• Unlicensed contractors are usually uninsured as well. This means you would bear financial risk for damage and injuries during the project.

Also, note that violating the state's various licensing requirements is considered a class 2 misdemeanor offense under North Carolina Enacted Statutes Chapter 87. There are criminal and civil penalties for such violations, which include jail time of up to 60 days, fines of up to $1,000, or a combination of both.

How Much Does a Contractor Charge in North Carolina?

The hourly cost of hiring a specialty contractor in North Carolina ranges from as low as $8 to $116. The actual cost depends on various factors, including the type of task, the size of the contracting firm, and your location. Below is a table containing the hourly rates of popular subcontractors in North Carolina.

$14 - $44
$14 - $47
HVACR Technicians
$10 - $36
$12 - $30
$10 - $25
$11 - $23
Flooring Contractors
$10 - $35
$10 - $32
$8 - $19
$44 - $116
Interior Designers
$4 - $34
Excavation Contractors
$12 - $36
Concrete Contractors
$12 - $26
$14 - $37
Appliance Repair Technicians
$10 - $31
$10 - $26
Cleaning Services
$8 - $19
$10 - $23

On the other hand, general contractors have several ways of charging for their services. They can bill for a percentage of the total construction fee, usually 10% to 20%. This is known as the cost-plus contract approach. Alternatively, the contractor can charge a fixed price lump sum predetermined or based on time spent on the project.

The average construction cost in North Carolina ranges between $118 and $150 per square foot. The eventual cost of the project depends on the scope of work, the extent of labor and subcontractors required, and the cost of materials.

Tips for Hiring a Contractor in North Carolina.

Choosing the right contractor is one of the most important decisions you are to make if you plan a home improvement project in North Carolina. A good contractor can ensure quality work, while the wrong one can cause difficulties and make you incur unreasonable expenses. Here are tips to help you make the right choice when hiring a contractor in North Carolina:

  • Avoid hiring contractors that offer their services door to door. Note that North Carolina law gives you the right to cancel a contract you enter outside of the contractor's place of business within three days of signing the contract.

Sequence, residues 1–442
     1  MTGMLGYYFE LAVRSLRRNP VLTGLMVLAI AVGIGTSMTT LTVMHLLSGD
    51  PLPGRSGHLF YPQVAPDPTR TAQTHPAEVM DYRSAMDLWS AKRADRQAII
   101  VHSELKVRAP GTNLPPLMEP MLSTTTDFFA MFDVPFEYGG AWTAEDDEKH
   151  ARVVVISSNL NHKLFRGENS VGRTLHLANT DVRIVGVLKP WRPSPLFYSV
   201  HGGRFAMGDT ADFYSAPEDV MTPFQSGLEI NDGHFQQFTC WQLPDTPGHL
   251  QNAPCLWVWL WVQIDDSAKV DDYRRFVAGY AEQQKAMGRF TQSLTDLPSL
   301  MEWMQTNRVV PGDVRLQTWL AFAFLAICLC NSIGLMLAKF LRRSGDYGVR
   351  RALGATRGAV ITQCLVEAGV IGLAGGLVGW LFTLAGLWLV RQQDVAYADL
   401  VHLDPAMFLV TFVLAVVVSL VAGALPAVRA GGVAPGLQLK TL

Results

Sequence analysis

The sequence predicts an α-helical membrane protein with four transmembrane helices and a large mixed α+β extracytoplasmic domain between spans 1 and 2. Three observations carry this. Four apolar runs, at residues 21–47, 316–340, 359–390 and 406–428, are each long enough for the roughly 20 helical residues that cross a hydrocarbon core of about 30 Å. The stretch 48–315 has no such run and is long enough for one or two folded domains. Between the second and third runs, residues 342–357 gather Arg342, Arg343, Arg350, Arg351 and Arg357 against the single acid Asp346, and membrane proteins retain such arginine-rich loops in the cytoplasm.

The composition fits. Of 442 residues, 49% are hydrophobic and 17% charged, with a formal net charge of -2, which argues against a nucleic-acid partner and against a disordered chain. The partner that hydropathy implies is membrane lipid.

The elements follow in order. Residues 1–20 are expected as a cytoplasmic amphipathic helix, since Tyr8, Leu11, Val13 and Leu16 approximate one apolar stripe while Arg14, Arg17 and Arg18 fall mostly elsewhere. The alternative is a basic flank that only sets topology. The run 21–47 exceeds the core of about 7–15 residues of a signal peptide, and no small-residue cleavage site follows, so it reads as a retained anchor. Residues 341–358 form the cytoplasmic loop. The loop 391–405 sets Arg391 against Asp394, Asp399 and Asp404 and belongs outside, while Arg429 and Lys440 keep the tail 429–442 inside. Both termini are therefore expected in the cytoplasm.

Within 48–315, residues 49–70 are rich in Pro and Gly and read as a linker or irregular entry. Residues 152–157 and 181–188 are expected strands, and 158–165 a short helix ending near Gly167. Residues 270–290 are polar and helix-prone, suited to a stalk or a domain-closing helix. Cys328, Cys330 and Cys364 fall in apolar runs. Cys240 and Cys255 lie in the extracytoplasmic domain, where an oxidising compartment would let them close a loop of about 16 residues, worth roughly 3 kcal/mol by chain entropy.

• Get and compare estimates for your work from at least three contractors.
  • Ensure that your contractor is licensed. You can utilize the Uhire professional license search tool to confirm this.
  • Do some research on the contractor before you hire. Check for reviews about the contractor on Better Business Bureau, Google Review, and Yelp. You can also access a contractor's complaint history with the North Carolina Attorney General's Office by calling 877-5-NO-SCAM.
  • Get a written contract that outlines what the work entails. Ensure that it specifies the materials for the project and their overall cost, including that of labor and any warranties or guarantees.
  • Request the contractor's insurance policy or bond and then verify the coverage by contacting the insurance company.

Is Your Contractor Insured and Bonded as Required by North Carolina Statute?

In North Carolina, insurance policies or bonds are not compulsory for general contractors, and these contractors can choose whether to maintain one or not. However, by state law, contractors with three or more employees must always maintain valid workers' compensation insurance.

Be that as it may, reputable contractors always endeavor to hold the appropriate bond and insurance policy. It is a desirable factor when looking out for a contractor as it protects you and the contractor from unplanned financial burdens linked to your project. On the one hand, liability insurance caters to liability arising from the project, such as damage to your property and neighbors. Meanwhile, workers' compensation insurance covers injuries sustained by workers while executing the project.

On the other hand, contractors' bond guarantees protect homeowners from the financial effects of the contractor's non-performance or when the work is left uncompleted, sub-standard, or defective. As such, you won't bear the burden of any misdeeds of the contractor in the execution of your project.

Top Home Improvement Scams in North Carolina